Pennsylvania incarceree files grievance to reverse illegal punishment

Bryant Arroyo and Joe Piette at SCI Frackville in 2018.

An article about the struggle for the rights of people with disabilities within the Pennsylvania Department of Corrections system should never have led to punishment for two incarcerated people at the State Correctional Institution at Coal Township. But officials there retaliated for the article by taking its authors, William Rinnick, who is disabled, and jailhouse lawyer, Bryant Arroyo, out of general population and placing them in Administrative Custody (AC). 

The article, “Fighting for disability rights behind bars” (Workers World, Jan. 15, 2024), exposed disability rights violations. Following its publication, Arroyo was placed in the Restricted Housing Unit. Because the RHU doesn’t comply with Americans with Disabilities Act regulations, Rinnick was placed in the infirmary. 

Under AC status, any rights to “radio, tablet/kiosk access, television, or telephone calls” (except emergency or legal telephone calls) are denied. The loss of tablet use means that the incarcerated person cannot communicate with anyone by email. Calls or video meetings with friends or loved ones are severely limited. It amounts to isolation. (

Although judges dismissed all three separate charges against Arroyo, he was still punished. Prison officials transferred him to the State Correctional Institute at Pine Grove in western Pennsylvania, hundreds of miles away from his family.

Locked up, shackled, in handcuffs

When Arroyo is allowed to have a Zoom call, he’s locked in a room where the equipment for the virtual call is set up, but he’s kept in handcuffs attached to a leather belt around his waist. He told Workers World, “I’m locked in a room. But I’m still shackled even though they have a wicket where they can take the shackles off. So it’s really kind of awkward that they have me here like this. 

“A wicket is just a slit in the door that opens up and you put your hand in it,” Arroyo said. “They have the wicket where they can uncuff me in here, and they can recuff me when they take me back out. So it doesn’t really present a security risk. That’s how they do me when they take me out of my cell. They open up the wicket, they pull my hands out, they cuff me, and then they open up the door, and they put the belt around me. The same thing should apply here.”

Retaliation after winning grievances

Arroyo filed a grievance against his expedited transfer from SCI Coal Township to SCI Pine Grove.  His grievance argues that the transfer was “the culmination of a series of retaliatory actions that have been taken against me as a result of my actions as a whistleblower at SCI Coal Township and SCI Frackville. Those retaliatory actions include misconduct charges filed against me for asking for the recording of a virtual visitation, [which was requested] to make available to the public issues related to the elimination of in-person visitation, and misconduct charges filed against me for the circulation of prisoners’ rights publications and the denial of disability accommodation requests.” 

All of these misconduct charges have since been dismissed by hearing examiners. Arroyo argued DOC Administration Regulations (, specifically DOC ADM 009, page 47, number three, states that you cannot be punished for participating in media relations. Furthermore, DOC ADM 804, C, Section N, prohibits retaliation. Even though the misconduct charges were dismissed, he was still punished with a transfer.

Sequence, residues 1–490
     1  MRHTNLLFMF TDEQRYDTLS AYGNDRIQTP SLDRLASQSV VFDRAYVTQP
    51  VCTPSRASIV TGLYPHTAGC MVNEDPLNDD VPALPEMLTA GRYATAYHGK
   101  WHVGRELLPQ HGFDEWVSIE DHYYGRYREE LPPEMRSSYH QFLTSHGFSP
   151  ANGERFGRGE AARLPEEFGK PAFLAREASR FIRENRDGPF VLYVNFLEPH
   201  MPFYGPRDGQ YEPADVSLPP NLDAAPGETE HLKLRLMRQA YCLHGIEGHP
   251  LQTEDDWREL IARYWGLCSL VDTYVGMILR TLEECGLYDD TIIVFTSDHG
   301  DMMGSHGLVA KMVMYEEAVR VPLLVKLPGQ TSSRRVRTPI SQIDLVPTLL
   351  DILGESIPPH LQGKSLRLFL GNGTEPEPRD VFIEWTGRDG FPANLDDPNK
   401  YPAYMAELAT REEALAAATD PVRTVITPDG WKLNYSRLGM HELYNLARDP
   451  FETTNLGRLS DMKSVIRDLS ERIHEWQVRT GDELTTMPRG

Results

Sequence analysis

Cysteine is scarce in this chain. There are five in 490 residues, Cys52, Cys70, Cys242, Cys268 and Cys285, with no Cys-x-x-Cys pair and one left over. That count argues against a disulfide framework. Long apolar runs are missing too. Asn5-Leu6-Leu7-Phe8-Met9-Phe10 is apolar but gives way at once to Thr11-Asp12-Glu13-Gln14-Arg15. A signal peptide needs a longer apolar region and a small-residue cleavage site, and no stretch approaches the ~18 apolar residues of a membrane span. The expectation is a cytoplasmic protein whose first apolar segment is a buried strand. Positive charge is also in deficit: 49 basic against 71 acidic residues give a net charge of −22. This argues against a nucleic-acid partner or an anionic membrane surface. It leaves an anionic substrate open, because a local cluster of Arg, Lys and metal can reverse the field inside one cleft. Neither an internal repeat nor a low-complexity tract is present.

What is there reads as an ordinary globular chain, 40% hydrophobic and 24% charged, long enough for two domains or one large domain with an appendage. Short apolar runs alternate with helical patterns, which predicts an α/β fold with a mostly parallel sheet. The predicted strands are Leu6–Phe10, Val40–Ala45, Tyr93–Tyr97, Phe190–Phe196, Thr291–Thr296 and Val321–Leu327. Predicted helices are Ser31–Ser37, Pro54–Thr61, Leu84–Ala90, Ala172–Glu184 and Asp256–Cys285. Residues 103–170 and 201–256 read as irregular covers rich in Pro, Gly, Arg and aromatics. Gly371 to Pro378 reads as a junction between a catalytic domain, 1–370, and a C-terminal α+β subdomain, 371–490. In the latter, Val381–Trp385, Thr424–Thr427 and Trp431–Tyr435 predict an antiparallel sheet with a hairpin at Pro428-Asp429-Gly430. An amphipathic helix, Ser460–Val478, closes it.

Arroyo’s grievance against his improper transfer argues: “All of my misconduct charges were based on my exercise of constitutionally protected First Amendment rights. The transfer to SCI Pine Grove was a retaliatory action in itself, in that it was a transfer from a medium security institution to a maximum-security institution and that it was ordered 48 hours after a third misconduct. 

“FO-24172 was filed by the same author who manufactured the first two charges, FO-24154 and FO-24162, on exactly the same grounds after the first two were dismissed without prejudice,” the grievance continues. “And the third charge was dismissed with prejudice. The transfer was intended to unequivocally punish and retaliate against me for my constitutionally protected exercise of free speech rights.”

Reimburse all legal expenses!

Arroyo’s grievance seeks the reimbursement of all fees and postage for his legal filings and for shipping up to five boxes of his papers to SCI Pine Grove and finally to “expedite my transfer back to an institution within the Eastern Region, specifically SCI Phoenix” in Montgomery County. 

“Otherwise,” the grievance continued, “I will seek that remedy within the context of my federal lawsuit and seek damages against those that participated in my retaliatory expedited transfer to SCI Pine Grove. I will also include damages for the emotional injuries every waking day and night caused by the separation from my family members and inability to communicate with my family that this transfer has caused me.”

The law library in the RHU at SCI Pine Grove does not have a photocopier. This is an obstacle to filing legal challenges, Arroyo charges, especially for people who would want to contest why they’re being punished in the RHU.

“If someone wants to file a petition to the court, a brief or motion, or write to their lawyer for their legal case, instead of a computer, they are forced to use pen on paper. That alone should be fought, because they’re totally impeding access to their legal rights. and can you imagine elderly and infirm or somebody with arthritis writing with a pen that’s very thin? You could never finish it.”

Arroyo needs funds to continue his lawsuit against the Department of Corrections’ unconstitutional actions. Readers can contribute through, entering Bryant Arroyo (CU-1126) when asked.


Simple Share Buttons

Share this
Simple Share Buttons